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Charlie Haden’s Liberation Music Orchestra in New York

To the now happily relevant question Where were you when America voted for its first black president?, a roomful of music lovers can say they were at the Blue Note in Greenwich Village, as the politically fueled Liberation Music Orchestra was smack dab in the middle of its late set. Word came to the bandstand via pianist Allan Broadbent (subbing for the unfortunately absent pianist-arranger-mastermind Carla Bley), who passed it on to bassist-leader Charlie Haden, who ignited an ecstatic and extended roar of applause in the crowd and onstage. “I’m so happy,” effused Haden. “Now I don’t have to wake up depressed every day. Now it’s time for ‘Amazing Grace.'” Via Bley’s bittersweet reworking (does any arranger do bittersweet better?), “Amazing Grace” sounded amazing in a whole new way, heard at the dawn of a hopeful, entirely new era.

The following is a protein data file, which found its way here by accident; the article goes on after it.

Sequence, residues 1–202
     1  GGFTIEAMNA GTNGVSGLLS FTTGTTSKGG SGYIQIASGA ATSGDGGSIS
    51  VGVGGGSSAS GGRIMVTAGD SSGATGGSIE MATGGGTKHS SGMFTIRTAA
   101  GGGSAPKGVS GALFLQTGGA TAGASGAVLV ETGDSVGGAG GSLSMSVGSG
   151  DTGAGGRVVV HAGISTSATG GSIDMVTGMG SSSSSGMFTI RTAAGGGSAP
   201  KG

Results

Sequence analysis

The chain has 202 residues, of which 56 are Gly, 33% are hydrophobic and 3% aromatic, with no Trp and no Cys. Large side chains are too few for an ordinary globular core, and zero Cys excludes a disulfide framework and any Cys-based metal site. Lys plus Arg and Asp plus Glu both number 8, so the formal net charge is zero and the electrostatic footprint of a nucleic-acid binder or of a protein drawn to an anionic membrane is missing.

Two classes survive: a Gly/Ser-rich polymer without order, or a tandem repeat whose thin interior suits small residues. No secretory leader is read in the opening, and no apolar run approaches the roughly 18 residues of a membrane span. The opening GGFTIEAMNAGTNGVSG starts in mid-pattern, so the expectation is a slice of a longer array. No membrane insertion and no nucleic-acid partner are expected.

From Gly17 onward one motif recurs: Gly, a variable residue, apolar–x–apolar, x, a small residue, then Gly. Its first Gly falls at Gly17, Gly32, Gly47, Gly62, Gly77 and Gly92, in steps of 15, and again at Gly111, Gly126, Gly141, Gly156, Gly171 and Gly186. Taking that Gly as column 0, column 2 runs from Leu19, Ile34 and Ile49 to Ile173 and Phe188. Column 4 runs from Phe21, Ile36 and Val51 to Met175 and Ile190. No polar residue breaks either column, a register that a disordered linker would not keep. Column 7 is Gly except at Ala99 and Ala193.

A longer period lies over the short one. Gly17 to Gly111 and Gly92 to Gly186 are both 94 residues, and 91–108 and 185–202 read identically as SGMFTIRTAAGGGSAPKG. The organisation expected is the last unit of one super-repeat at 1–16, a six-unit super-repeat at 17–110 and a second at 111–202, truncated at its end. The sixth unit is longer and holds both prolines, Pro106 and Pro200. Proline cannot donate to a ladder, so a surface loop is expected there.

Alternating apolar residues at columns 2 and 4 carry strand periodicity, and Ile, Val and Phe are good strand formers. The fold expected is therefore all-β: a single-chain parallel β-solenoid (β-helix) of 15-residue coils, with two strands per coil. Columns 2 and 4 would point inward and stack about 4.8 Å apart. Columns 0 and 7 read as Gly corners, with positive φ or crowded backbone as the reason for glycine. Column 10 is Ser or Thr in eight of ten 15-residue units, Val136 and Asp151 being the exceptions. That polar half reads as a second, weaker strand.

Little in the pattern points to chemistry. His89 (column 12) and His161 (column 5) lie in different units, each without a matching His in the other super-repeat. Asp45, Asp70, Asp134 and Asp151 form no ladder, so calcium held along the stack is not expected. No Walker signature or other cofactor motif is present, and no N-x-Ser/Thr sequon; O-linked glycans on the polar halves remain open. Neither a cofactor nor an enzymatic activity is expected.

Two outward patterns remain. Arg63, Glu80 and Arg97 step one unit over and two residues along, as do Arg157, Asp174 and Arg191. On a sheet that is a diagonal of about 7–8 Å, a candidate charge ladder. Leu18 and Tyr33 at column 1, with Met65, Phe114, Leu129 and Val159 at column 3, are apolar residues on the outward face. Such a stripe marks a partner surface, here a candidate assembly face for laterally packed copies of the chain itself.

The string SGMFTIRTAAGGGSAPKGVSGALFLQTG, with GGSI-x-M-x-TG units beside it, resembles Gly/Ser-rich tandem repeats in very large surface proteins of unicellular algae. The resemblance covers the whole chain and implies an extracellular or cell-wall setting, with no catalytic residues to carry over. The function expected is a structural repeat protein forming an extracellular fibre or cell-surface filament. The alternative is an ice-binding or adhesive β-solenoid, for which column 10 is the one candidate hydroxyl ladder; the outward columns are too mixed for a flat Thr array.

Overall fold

Premiered in the summer of 2004 and not released on a Verve recording until 2005, the American Dream-turned-nightmare bent of the LMO project known as Not in Our Name was cooked up by Haden and his all-important arranger and co-conspirator Bley before the last election. Haden sadly recalls performing the songbook at the Village Vanguard on election night four years ago, as Bush’s win deflated hopes far and wide. Cut to election night 2008, though, and the NYC club in question was a house of bliss. The band’s strategically booked election-night gig, capping off a U.S. tour of the music, took the message on the campaign trail, as it were. Did the tour have any effect on the proverbial “undecided” demographic? Hard to know, but it’s fair to say that the band’s efforts have won some new votes of support for the band itself.

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